How to "Green" Your Church's Eucharist, or Holy Communion
a church garden in which to grow the necessary ingredients for communion.
washable cups for individual portions of wine/grape juice, or practice
a specific prayer for Creation during the Prayers of the Church.
and include moments of silence to reflect upon our relationship to the
earth and our relationship to food.
- Source the elements of Holy Communion locally if at all possible.
- Is there a local and independently owned bakery to purchase loaves of bread?
- Is there locally grown or milled flour to bake with?
- Is there a local winery?
- Do any members of the congregation farm or produce flour or wine?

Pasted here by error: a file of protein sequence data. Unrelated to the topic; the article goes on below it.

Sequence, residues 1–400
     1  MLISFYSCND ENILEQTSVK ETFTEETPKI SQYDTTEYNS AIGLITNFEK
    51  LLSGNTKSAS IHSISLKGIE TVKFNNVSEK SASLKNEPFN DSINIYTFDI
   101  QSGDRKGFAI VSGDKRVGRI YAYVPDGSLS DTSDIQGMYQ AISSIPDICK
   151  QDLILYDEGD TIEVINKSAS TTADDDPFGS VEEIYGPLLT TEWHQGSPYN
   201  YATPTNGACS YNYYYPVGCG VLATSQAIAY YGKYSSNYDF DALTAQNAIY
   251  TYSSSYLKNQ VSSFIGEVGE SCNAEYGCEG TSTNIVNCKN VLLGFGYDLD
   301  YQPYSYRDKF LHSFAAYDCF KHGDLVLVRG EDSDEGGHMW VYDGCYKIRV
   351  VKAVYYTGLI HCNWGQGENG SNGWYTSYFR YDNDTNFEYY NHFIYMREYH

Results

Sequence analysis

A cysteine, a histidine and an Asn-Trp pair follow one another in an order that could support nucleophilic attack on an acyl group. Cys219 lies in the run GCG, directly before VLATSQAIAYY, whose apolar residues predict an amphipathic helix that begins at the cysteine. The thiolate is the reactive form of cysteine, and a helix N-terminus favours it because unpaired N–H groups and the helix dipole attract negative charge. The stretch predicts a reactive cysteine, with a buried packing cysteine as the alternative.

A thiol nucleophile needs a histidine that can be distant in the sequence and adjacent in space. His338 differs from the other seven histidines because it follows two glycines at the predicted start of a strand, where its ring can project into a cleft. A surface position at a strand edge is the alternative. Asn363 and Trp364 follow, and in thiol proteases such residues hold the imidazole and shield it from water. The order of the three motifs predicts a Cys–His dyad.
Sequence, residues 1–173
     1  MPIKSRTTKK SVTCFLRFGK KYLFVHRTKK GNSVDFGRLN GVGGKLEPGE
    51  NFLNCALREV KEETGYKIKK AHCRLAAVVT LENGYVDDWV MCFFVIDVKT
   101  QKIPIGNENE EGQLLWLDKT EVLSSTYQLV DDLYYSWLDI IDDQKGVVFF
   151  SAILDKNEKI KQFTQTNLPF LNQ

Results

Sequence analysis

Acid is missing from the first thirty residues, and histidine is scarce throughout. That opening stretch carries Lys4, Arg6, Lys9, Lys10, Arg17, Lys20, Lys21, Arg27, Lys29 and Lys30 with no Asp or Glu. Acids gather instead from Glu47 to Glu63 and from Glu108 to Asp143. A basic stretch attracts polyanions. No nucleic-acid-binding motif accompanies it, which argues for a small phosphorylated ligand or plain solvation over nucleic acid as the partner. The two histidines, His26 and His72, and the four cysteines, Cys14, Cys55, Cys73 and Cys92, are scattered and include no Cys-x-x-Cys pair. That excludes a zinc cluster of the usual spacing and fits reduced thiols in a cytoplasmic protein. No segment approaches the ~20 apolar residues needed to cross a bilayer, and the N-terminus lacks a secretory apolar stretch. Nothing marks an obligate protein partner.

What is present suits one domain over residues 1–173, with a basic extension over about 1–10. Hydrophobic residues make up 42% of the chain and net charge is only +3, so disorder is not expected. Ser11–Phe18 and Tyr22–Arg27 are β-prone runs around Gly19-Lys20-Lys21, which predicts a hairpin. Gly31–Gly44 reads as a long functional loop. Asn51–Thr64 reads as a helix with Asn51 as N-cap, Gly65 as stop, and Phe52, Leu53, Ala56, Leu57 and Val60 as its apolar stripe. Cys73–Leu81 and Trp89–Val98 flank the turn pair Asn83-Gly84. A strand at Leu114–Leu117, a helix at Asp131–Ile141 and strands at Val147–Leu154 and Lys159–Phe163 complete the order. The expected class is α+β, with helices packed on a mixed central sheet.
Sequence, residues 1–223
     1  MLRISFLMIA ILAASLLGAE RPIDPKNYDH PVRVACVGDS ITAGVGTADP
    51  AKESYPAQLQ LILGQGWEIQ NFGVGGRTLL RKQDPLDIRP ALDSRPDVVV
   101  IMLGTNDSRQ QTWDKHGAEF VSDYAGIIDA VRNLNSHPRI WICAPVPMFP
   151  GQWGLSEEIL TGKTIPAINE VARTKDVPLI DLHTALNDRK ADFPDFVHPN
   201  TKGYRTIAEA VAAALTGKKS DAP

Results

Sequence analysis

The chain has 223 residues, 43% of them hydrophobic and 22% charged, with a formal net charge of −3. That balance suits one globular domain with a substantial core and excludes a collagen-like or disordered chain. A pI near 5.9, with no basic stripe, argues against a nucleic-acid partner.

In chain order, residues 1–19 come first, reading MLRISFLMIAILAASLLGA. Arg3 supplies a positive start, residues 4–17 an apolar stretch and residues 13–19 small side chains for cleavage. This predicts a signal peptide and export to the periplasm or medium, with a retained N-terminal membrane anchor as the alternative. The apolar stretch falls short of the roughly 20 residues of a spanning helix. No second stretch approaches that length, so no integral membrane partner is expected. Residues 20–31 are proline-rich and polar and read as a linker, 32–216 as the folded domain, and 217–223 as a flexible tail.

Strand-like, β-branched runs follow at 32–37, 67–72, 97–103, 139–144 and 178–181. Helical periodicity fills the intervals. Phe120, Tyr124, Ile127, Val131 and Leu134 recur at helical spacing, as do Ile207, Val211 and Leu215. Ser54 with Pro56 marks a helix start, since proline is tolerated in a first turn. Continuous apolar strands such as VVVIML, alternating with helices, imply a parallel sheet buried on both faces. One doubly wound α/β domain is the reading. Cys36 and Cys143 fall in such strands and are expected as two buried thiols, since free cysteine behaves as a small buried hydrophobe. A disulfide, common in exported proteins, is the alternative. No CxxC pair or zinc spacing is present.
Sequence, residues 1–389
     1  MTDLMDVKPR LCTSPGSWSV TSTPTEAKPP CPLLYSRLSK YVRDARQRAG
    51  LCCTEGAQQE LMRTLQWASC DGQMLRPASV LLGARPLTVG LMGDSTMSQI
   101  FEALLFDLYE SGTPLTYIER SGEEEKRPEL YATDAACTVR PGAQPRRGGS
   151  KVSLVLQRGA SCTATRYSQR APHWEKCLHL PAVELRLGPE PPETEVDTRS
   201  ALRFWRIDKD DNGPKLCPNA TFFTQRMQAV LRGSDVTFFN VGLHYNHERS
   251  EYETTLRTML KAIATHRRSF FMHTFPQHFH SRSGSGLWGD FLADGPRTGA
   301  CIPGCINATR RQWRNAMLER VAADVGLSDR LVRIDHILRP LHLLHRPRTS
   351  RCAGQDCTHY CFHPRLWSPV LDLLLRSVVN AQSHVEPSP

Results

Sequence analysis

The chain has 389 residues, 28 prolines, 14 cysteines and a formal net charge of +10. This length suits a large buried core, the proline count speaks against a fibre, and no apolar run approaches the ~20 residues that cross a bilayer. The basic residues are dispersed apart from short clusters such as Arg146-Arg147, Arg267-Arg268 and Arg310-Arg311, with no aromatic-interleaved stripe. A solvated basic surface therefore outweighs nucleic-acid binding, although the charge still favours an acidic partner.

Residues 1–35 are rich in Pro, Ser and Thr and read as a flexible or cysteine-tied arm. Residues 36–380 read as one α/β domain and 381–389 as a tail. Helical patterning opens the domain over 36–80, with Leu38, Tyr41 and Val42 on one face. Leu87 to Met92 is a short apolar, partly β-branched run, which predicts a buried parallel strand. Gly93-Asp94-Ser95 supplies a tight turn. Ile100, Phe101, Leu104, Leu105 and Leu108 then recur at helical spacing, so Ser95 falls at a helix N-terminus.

- Are there organic options available?
- Call upon congregation members with green thumbs to help out.
- Obviously this will vary depending on local climate and seasons.
- For those who do not wish to drink from the common cup, using small washable glasses reduces waste tremendously.
- If this is not feasible, use recyclable cups instead.
- Practicing intinction (the dipping of the bread into the cup) eliminates the need for either.
- Thank God for the bounty of Creation that provides us with bread and wine so that we can partake in this sacrament.
- Reflection can help to foster care for the earth and all its inhabitants.
- By inviting all to the table, Christian communities embrace the diversity of all people and all of God’s creation, including the earth.
From Galbraith, K. L.(2009). Broken Bodies of God: The Christian Eucharist as a Locus for EcologicalReflection. Worldviews: Environment Culture Religion, 13(3), 283-304.